Part of Wang's complaint is his difficulty in finding people to translate even technical manuals into English. 'I can find plenty of people who speak, read, and write Japanese,' he reports, 'but they seem to all be humanities majors with no understanding of the technology being described. What I can't find are engineers—the people who understand technology—who speak, read and write Japanese.'

Wang's message to American engineers and American engineering companies is simple: learn a second language.

People in developing and developed countries all start learning English in grade school. It's required. By the time they reach college and start studying engineering in earnest, they already have a good command of English. Then, it's easy for them to pick up technical English.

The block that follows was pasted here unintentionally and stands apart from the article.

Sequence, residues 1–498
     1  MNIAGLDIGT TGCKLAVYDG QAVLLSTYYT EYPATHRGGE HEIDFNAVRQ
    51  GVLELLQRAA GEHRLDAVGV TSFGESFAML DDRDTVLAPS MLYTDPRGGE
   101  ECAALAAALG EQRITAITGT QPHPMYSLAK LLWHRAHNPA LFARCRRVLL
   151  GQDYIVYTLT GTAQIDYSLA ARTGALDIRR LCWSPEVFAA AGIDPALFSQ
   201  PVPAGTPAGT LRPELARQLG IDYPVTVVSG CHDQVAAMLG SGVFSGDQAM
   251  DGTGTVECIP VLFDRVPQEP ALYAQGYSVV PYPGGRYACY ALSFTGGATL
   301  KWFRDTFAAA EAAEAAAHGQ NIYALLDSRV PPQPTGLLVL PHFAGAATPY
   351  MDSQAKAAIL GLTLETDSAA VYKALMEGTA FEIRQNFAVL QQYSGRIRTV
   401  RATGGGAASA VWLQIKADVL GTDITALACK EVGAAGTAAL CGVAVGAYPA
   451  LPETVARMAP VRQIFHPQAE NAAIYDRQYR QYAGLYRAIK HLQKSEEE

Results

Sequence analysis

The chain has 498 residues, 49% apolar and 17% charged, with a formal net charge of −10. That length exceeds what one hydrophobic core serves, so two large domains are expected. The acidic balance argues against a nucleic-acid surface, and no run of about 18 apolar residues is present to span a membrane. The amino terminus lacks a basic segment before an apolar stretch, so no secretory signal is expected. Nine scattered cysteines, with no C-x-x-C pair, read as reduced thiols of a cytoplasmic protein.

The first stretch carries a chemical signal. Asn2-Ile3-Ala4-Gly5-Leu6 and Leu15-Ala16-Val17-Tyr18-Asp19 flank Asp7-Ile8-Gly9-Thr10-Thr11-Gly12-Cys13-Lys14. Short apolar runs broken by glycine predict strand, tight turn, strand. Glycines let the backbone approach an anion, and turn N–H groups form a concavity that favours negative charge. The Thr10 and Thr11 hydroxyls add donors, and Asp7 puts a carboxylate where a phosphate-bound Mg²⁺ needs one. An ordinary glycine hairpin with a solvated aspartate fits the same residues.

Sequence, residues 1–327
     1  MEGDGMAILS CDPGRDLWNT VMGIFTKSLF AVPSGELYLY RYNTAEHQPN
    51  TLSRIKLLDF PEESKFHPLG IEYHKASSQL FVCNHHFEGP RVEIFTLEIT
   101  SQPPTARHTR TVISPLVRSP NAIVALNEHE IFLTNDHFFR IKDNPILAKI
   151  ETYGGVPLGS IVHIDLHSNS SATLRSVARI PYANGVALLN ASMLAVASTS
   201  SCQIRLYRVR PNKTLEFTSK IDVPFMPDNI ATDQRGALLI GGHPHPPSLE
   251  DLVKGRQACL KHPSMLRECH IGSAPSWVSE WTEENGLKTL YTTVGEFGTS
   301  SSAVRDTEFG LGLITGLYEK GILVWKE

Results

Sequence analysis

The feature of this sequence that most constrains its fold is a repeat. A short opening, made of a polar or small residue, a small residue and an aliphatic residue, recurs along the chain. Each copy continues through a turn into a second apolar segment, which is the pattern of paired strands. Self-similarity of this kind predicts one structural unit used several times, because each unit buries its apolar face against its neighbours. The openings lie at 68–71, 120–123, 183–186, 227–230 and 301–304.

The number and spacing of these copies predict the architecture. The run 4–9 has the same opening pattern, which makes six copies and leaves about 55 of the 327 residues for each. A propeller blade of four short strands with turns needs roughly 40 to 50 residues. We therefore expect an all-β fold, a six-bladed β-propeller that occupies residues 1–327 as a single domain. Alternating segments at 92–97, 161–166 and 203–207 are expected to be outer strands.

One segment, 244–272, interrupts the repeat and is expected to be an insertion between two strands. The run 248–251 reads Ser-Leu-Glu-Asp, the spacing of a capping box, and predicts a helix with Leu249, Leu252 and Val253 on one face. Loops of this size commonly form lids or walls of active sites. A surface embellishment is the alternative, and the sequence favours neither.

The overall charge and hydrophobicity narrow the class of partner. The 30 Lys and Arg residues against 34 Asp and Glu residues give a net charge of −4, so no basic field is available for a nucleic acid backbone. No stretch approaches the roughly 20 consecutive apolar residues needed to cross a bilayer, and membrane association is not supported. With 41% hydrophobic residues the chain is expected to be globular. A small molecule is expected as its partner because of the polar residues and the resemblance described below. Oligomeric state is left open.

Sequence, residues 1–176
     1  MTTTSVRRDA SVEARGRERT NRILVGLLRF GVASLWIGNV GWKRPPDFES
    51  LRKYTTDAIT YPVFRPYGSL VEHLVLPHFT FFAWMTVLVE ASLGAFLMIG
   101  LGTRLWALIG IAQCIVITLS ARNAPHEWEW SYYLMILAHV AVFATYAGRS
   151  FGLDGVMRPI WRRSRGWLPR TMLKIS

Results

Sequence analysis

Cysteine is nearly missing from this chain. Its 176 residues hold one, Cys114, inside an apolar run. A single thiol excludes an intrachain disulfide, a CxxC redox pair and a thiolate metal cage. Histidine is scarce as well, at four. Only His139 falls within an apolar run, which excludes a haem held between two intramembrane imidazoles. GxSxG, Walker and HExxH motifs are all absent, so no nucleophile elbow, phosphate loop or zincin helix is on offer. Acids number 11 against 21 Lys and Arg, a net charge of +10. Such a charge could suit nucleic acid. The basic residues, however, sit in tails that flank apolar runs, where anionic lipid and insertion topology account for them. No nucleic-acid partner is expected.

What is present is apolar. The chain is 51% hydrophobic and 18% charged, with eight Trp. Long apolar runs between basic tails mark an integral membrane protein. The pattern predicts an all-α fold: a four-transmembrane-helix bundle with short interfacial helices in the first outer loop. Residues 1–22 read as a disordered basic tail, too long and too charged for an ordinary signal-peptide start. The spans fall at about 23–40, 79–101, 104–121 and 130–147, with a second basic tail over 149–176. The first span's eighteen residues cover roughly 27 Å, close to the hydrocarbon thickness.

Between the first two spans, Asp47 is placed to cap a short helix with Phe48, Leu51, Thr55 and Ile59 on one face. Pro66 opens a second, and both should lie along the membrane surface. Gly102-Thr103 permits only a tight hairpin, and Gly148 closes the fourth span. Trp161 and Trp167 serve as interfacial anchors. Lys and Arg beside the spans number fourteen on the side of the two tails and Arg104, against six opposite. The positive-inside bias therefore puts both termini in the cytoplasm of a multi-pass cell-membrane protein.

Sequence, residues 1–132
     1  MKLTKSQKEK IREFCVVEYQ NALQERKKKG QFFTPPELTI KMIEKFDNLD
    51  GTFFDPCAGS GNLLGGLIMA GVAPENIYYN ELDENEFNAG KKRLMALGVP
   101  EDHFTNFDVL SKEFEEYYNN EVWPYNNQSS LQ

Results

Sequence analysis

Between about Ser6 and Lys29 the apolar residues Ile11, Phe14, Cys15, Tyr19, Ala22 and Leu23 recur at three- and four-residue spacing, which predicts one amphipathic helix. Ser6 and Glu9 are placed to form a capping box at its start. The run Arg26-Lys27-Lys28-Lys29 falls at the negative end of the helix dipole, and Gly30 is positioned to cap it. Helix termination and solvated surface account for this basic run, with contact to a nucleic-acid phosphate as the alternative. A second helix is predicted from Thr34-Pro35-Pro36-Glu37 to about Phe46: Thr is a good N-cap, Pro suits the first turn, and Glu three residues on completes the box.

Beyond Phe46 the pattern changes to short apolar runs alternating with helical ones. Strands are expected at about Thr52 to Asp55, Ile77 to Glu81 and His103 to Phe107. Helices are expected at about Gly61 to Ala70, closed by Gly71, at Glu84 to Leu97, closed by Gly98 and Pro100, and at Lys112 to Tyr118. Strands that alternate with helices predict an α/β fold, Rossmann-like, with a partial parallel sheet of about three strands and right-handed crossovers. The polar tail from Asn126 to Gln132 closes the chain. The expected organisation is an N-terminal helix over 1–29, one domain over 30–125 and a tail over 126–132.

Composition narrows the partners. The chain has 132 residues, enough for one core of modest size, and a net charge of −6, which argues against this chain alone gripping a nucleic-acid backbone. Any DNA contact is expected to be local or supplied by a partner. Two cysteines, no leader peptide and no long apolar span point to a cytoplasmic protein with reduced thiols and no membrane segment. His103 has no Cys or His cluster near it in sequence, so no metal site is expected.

Looking back at the three reasons not to learn a foreign language, Wang shows why U.S. engineers should dismiss them:

  1. While technical advances generally end up published in English, many of them appear in English only after significant delays, which give the advantage to overseas competitors;

  2. While learning a foreign language is hard, it's no harder to learn than many skills engineers are expected to master;

  3. While engineering schools and employers don't require engineers to learn a foreign language, knowing a foreign language makes them more desirable.

Johnny Wang, after all, is still looking for semiconductor engineers with a good command of technical Japanese.

For online help finding foreign language instruction, visit the following websites:

C.G. Masi , Control Engineering senior editor